At the MedTech Innovation Summit, hosted by Fierce Electronics on November 1, industry leaders met to discuss the future of healthcare as it modernizes. Experts from Amazon Web Services, NXP Semiconductors, Microsoft, L&T Technology Services, Kalypso, OXIO Health, Wind River, Dell and others attended the event to discuss health technology.
The digital transformation has changed healthcare organizations worldwide. While the sector is praised for reaching technology maturity levels, it still faces many challenges. Privacy, compliance, security, IoT connectivity and integration, and how to leverage health data are among the top priorities.
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Unlike other tech sectors, the healthcare tech industry deals with human health and often with life-and-death decisions on data. Therefore the standards for data, devices, edge and cloud operations are extremely high and regulated. At the event, experts debated the trending solutions and explained how the sector is moving into home care and value-based care models.
Innovations leading global healthcare investments
Dr. Asha D’Souza, head of the Healthcare and Life Sciences Industry at AWS, kicked off the event by talking about innovations, trends and healthcare transformation.
D’Souza explained that as healthcare continues to build a more connected ecosystem, demand increases for integration and for bringing healthcare to patients where they are. Home care and self-monitoring technology for chronic disease patients require an integration that connects providers, payers and pharmacies, D’Souza said.
Another sector that will be transformed by telehealth is clinical trials. Through new medical devices, clinical trials can now be conducted in patients’ homes.
“That is a change, and we will see that increasingly becoming the norm as time goes by,” D’Souza said. “While all this is happening, there is a worldwide pressure to expand access to patients in the emerging markets and underprivileged countries.”
The industry is witnessing the shift of care from hospitals to alternate care sites, patient homes, ambulatory care centers, outpatient centers and specialized clinics.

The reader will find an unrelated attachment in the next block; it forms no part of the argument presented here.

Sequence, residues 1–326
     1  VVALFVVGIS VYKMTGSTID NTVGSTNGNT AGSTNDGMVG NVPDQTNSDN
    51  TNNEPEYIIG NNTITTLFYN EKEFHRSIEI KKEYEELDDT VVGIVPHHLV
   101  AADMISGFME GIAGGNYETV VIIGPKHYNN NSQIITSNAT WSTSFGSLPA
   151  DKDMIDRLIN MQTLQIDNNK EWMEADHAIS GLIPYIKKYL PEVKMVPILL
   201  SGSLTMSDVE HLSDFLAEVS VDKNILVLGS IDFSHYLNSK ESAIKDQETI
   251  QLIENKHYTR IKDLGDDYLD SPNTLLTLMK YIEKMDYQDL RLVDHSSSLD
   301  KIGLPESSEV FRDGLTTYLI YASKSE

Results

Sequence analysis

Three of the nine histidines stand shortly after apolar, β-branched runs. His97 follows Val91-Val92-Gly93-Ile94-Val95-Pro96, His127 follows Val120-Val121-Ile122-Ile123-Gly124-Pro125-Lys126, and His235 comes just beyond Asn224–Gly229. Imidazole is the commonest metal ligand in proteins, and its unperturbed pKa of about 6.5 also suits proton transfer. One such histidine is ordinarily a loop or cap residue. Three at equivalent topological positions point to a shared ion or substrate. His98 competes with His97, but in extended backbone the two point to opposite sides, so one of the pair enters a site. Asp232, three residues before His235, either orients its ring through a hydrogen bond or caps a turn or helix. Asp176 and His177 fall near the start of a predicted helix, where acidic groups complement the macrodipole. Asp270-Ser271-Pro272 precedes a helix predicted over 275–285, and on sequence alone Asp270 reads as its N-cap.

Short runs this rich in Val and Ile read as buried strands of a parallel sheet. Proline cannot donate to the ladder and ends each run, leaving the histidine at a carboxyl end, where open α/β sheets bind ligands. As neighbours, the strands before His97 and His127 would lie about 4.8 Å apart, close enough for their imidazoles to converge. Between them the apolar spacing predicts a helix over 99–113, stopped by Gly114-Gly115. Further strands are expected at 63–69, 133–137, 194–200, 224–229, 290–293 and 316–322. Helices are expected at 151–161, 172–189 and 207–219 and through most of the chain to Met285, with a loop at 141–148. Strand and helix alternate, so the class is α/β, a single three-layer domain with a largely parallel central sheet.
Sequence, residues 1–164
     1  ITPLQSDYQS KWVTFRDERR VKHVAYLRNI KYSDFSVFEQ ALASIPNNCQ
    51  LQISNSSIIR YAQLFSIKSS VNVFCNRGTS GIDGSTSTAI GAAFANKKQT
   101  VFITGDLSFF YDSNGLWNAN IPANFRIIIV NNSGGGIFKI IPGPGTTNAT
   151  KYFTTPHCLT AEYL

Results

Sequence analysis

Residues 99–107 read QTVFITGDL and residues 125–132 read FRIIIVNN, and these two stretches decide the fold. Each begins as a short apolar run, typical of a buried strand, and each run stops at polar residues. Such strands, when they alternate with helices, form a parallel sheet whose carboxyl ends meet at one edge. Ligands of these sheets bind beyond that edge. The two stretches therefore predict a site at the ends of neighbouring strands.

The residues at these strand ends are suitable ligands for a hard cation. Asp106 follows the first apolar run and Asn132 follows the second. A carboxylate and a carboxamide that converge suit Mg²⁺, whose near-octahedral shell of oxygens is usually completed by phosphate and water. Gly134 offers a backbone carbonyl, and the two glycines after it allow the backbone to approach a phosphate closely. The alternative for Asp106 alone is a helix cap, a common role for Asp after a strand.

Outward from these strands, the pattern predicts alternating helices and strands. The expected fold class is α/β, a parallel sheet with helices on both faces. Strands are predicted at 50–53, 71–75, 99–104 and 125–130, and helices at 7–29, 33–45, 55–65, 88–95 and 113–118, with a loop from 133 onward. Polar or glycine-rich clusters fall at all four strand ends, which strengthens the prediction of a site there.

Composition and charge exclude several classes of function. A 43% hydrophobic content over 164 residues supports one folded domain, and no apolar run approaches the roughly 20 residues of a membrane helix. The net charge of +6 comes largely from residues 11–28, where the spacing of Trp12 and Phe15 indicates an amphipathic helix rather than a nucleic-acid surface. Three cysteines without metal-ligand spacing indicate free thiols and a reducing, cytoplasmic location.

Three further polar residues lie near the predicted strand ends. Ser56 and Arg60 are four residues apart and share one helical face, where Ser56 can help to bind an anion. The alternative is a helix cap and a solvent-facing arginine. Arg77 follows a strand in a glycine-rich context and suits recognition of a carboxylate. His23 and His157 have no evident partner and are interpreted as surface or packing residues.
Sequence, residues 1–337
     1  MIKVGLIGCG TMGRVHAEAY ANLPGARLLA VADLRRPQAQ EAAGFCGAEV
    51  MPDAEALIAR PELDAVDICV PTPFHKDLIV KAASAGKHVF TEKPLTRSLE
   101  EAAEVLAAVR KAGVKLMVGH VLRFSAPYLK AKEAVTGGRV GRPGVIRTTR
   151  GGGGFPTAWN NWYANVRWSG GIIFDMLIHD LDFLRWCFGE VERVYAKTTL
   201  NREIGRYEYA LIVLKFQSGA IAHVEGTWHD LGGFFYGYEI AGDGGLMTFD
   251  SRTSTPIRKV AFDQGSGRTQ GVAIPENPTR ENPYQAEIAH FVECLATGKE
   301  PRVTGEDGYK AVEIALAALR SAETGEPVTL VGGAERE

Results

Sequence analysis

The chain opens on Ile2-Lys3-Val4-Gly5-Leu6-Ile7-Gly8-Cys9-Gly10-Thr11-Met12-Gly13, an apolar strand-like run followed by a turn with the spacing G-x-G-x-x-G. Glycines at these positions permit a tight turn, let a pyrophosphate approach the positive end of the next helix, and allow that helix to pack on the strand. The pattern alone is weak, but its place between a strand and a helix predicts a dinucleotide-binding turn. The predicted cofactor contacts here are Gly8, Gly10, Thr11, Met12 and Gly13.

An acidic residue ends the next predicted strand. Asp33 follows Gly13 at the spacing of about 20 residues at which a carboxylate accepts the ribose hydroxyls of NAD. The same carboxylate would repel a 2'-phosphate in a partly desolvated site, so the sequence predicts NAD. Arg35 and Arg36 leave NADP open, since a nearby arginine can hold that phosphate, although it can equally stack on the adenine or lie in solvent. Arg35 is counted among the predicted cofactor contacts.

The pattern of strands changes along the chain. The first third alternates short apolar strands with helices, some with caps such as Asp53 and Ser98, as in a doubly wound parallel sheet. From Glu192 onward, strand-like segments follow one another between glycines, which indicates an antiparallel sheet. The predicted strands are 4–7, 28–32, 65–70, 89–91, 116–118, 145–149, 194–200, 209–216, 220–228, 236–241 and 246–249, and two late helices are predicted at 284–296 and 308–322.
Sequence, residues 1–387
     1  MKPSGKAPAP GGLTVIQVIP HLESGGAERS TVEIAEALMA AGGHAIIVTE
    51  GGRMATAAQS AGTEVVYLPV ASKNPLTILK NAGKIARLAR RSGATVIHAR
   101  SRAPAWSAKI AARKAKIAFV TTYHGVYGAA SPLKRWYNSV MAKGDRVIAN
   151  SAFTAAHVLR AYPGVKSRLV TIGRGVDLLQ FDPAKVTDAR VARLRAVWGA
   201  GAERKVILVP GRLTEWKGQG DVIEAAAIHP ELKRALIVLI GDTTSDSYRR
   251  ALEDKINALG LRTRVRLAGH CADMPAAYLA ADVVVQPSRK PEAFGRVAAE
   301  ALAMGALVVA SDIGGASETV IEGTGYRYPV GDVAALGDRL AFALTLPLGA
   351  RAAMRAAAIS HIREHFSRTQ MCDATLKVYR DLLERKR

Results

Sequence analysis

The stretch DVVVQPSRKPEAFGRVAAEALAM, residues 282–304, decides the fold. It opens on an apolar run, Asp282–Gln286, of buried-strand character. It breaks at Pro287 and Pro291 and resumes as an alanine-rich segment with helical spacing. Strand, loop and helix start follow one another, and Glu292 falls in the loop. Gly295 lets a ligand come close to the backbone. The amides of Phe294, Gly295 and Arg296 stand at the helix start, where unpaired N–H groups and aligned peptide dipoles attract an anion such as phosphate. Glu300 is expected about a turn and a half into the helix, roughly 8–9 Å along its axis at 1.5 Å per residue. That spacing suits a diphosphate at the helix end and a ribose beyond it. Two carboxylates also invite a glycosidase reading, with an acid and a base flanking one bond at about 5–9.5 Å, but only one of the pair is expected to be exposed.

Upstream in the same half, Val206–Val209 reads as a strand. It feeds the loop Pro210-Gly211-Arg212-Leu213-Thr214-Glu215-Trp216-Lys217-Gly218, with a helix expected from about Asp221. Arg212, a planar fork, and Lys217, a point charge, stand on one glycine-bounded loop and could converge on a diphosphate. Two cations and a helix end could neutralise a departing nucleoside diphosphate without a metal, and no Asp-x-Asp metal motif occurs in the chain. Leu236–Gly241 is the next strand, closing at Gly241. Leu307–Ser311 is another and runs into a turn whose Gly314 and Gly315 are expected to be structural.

D’Souza listed the leading trends in global investments, highlighting AI and machine learning models that drive faster and more efficient diagnoses as well as technology that assists the aging population. Additionally, as chronic diseases increase, providers and patients are adopting health wearables, mobile devices and telehealth platforms that can stream on TVs or other devices.
“Medical technology and consumer technology are going to be playing an increasingly important role in the smart wearables — whether it’s our watches, weighing scales or any other means,” D’Souza said. “These devices are becoming more and more intelligent.”
The use of robotics for non-invasive surgeries is another trending sector. The industry is expanding the new approach for smart surgeries where patients can be treated and sent home on the same day. This model reduces hospitalization and healthcare costs while preventing centers from becoming overcrowded and alleviates the demand for health workers and burnout.
“The expectations of our consumers, patients and care providers are changing, and they are looking for more innovative digitally enabled capabilities that deliver differentiated outcomes,” D’Souza said.
It’s not just tech manufacturers and health providers that need to adapt. Regulators witnessing this transformation are trying to streamline their processes to make it easier for the industry to meet computer system assurance and compliance. They are providing device guidance and support to get approval from the FDA, but the regulatory landscape continues to be challenging at this point.
The focus of disruption — digital robotics surgeries, connected and intelligent devices, IoT, AI data-driven decision-making and 3d printing — are also shifting care toward value-based care. Health economics and value and quality of care are two direct benefits of the new technologies.
Additionally, customers are increasingly demanding more than just health solutions. They seek longevity and wellness tech products. Consumers are also on a learning curve to understand how to fully leverage wearables and other health tech devices.
In contrast, D’Souza said that companies need to focus on investing in data platforms and technology infrastructure as well as upskilling and hiring talent that can understand modern healthcare methods.
“It’s important to ensure that we can monitor them remotely and bring data about their health, wellness, medication adherence, pre and post-surgical leaves, and physical therapies,” D’Souza said. “Getting closer to the patient and keeping them at the center of this innovation is a must. None of this happens without staying connected and making this ecosystem more interoperable.”
Understanding and securing the healthcare environment
Cornelius Mueller, product application engineer at NXP Semiconductors, discussed during the event the challenges that the health industry faces as health IoT products rise. While IoT brings the benefits of modernization, speed, agility, and the capability of improving patient outcomes and comfort, they also present risks for compliance, governance, privacy and security.
Understanding the IoT health environment is critical for security. Organizations must identify where the data is collected and transferred and how it flows throughout its entire lifecycle. This includes data sourced from private patients’ homes and public spaces. Infrastructure as a whole needs to be secured.